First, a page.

By: Austin Brunner of The Geekiverse
Once again, another WrestleMania PPV that I’ve likely seen clips of but never watched start to finish. However, the tournament for the WWF Championship, "undisputed" I might add, created a lot of intrigue for me.
Taking place in Atlantic City at the Trump Plaza Hotel, this WrestleMania felt much cleaner than WrestleMania 2. I would attribute that to the fact this event took place in one location, but you can also tell the crew has gotten a lot more experienced, the equipment is better, and the thought process is more proven. However, the booking decisions scream 1988 from all things I've heard and read about that wrestling era. Aka, "Hogan Must Pose." Thanks, Something to Wrestle Podcast.
• Jake Roberts vs. Rick Rude (with Bobby Heenan)
◦ This match could stand up in today's wrestling scene in my opinion. Solid ring psychology by both participants and I thought the selling was fantastic. Jake Roberts is immensely underrated as far as being able to tell a story. Rude was a great heel in this match-up. While the diversity of moves wasn't deep, each one felt like it meant something. This match kept my eyes on the screen.
• Bob Uecker looking for Vanna White the whole show
◦ Not sure why this was thrown into the event but I loved the humor of it
• Tournament breakdown and the constant updates
◦ Made the show feel important, and looking back stacked the odds against Savage without it feeling blatantly obvious
• Hulk Hogan vs. Andre felt massive
◦ While the match itself was subpar, that crowd loved Hulk Hogan. I wasn't even born at this point, but the Hulkamania phenomenon was real back then, and I could feel it through the TV screen
• Randy Savage finally wins the WWF World Heavyweight Championship
◦ Watching Savage wrestle 4 times to finally obtain the championship was amazing. Aside from one arguable dud of a match (vs. One Man Gang), the tournament cemented Savage as a world-class performer as he finally ascended to the top.
• The Ultimate Warrior vs. Hercules (with Bobby Heenan)
◦ I'm sorry Warrior fans, but this match was downright awful. Doing the research, this was actually the PPV debut for Warrior. Unfortunately, that showed. No story, slopping wrestling, and overall weird match. Somehow, this still was not the shortest match on the card, and I'm not sure how that's possible. Oh wait. I do know how it's possible.
• Bam Bam Bigelow vs. One Man Gang
◦ Two big men who can move?! Give them more time and let them have a finish! This was the shortest match on the card and it's a crying shame.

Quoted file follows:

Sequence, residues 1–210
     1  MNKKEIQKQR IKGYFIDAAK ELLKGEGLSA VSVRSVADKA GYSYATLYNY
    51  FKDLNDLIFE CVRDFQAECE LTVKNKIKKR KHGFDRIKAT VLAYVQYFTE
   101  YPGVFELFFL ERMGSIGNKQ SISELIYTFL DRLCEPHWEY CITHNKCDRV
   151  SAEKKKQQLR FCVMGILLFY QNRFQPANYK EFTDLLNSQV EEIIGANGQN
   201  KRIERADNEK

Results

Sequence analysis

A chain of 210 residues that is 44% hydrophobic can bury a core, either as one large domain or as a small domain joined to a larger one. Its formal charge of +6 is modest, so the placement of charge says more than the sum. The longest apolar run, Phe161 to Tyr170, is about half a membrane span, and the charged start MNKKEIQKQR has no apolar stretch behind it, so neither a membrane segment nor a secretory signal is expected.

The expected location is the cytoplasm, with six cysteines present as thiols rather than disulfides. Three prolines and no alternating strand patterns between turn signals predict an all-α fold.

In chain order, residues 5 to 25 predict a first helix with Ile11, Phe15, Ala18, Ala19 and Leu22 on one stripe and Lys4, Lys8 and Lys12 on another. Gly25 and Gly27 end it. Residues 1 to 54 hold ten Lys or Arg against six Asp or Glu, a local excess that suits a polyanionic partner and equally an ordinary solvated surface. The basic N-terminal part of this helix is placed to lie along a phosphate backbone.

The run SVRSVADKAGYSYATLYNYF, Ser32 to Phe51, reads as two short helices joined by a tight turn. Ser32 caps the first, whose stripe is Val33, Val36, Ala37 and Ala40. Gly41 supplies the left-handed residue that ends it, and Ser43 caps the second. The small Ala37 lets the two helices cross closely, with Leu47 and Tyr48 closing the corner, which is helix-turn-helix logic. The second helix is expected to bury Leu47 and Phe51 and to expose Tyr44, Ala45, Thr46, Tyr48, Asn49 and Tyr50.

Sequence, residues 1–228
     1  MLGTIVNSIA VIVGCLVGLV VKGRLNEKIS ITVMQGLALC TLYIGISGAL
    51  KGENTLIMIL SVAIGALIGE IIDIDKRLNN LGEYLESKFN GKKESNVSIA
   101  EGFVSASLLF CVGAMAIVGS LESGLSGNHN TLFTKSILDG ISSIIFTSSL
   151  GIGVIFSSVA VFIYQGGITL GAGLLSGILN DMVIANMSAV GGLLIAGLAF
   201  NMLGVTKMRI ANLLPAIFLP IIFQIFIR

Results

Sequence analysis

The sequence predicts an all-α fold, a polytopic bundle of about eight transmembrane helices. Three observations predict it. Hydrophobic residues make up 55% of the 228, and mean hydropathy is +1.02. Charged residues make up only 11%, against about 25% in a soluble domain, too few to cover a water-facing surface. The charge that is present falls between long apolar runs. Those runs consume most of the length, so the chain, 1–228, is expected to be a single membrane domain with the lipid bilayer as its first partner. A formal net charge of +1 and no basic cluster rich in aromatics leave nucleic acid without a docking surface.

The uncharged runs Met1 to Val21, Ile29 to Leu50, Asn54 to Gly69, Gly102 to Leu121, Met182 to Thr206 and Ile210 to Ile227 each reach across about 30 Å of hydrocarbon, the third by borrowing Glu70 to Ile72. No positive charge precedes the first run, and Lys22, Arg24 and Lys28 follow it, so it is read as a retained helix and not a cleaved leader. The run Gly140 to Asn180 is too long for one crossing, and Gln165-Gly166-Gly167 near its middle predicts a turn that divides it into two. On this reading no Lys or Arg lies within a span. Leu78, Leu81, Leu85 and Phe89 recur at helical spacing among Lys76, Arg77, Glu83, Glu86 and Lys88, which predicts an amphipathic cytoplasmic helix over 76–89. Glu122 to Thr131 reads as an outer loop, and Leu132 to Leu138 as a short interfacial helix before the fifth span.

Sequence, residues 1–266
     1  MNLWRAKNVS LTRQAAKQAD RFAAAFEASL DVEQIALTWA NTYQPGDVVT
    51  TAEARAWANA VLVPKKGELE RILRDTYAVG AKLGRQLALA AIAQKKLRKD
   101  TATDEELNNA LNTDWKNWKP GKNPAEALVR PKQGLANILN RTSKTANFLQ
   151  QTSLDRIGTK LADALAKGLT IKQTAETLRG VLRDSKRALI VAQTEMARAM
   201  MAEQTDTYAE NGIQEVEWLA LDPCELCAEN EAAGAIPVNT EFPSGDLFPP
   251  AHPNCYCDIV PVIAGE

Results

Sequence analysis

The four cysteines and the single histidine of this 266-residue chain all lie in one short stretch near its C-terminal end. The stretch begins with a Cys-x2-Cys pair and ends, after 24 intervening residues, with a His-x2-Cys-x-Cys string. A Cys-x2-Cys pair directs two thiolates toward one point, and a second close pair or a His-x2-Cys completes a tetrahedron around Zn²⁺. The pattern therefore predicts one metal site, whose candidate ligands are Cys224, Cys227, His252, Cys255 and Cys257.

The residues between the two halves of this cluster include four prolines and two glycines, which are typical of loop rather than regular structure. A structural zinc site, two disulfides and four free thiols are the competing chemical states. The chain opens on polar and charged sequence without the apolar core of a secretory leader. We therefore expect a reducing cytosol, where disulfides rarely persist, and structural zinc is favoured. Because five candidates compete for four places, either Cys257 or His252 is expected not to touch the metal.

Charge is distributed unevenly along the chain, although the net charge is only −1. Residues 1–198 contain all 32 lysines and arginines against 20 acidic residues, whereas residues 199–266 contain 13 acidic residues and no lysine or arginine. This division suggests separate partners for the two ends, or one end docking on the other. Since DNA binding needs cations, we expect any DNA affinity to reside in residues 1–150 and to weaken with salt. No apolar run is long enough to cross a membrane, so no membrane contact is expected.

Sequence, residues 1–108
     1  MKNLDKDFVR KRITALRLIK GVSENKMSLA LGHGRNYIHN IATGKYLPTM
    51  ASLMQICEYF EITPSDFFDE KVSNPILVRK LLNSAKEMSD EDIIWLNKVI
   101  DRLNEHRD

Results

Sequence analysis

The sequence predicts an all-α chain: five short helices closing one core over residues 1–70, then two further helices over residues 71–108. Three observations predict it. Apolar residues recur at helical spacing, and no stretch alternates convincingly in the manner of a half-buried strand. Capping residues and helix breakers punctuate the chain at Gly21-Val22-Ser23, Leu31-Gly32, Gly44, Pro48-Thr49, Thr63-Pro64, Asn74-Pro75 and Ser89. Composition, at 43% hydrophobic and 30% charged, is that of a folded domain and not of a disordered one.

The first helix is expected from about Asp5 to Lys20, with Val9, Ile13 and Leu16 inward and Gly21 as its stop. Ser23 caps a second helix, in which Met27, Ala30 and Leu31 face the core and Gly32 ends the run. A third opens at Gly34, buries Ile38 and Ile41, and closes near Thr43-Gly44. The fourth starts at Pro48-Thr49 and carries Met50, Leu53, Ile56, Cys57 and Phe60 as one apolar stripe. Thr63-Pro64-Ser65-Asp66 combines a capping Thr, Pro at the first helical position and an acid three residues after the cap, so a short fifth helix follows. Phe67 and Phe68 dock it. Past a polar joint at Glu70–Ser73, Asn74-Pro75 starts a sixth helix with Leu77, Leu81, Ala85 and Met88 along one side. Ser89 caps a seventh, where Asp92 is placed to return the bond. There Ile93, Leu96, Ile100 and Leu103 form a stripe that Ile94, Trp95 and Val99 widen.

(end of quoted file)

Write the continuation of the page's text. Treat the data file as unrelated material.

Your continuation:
• Brutus Beefcake vs. The Honky Tonk Man (with Jimmy Hart and Peggy Sue)
◦ I still don't know what this match was or what the endgame was supposed to be. It simply didn't work for me on any level. Honky Tonk Man deserves more considering he's one of the best IC champions of all time.
From start to finish, this PPV felt fast, and I'm still not sure if that's good or bad. In some aspects, I enjoyed how quickly things progressed in the tournament. Looking back, it's obvious why some matches ended in double DQ finishes. You couldn't fit an entire tournament of that size on one PPV. And without as much TV time as WWE has now, there's no way they could've developed the tournament logically with a build-up to Mania. They built up Andre vs. Hulk which was the right thing to do there. However, if I had paid for this PPV I may have been disheartened at the time. However, Savage and Hogan were so over at the time, I think they were 1) just excited to see Hogan, and 2) stoked to see Savage wrestle 4 times and win the title. Would this hold up in 2018? Potentially.
Would this hope up in 2018?
A bit too many screwy finishes for my liking, but that happens in today's WWE as well. See Roman Reigns losing any match ever. But the tournament format on one card has potential to work in today's day and age. Especially considering how long WrestleMania is these days. Not to mention the incredible story of Macho Man making it through that entire thing and anointing him as the champion. It's a great movement that the WWF fans could get behind. Imagine if they did something with Finn Balor or Rusev or someone who is considerably over, and just hasn't had the chance to fully shine yet...
This is the fourth piece in a Court of Nerds and Geekiverse collaboration that will present “34 Days of WrestleMania” as we look back on each Showcase of the Immortals as we lead you into WrestleMania 34. Keep an eye out for a couple of podcasts in the near future from Austin Brunner and Benjamin Raven as we break down each decade in podcast form.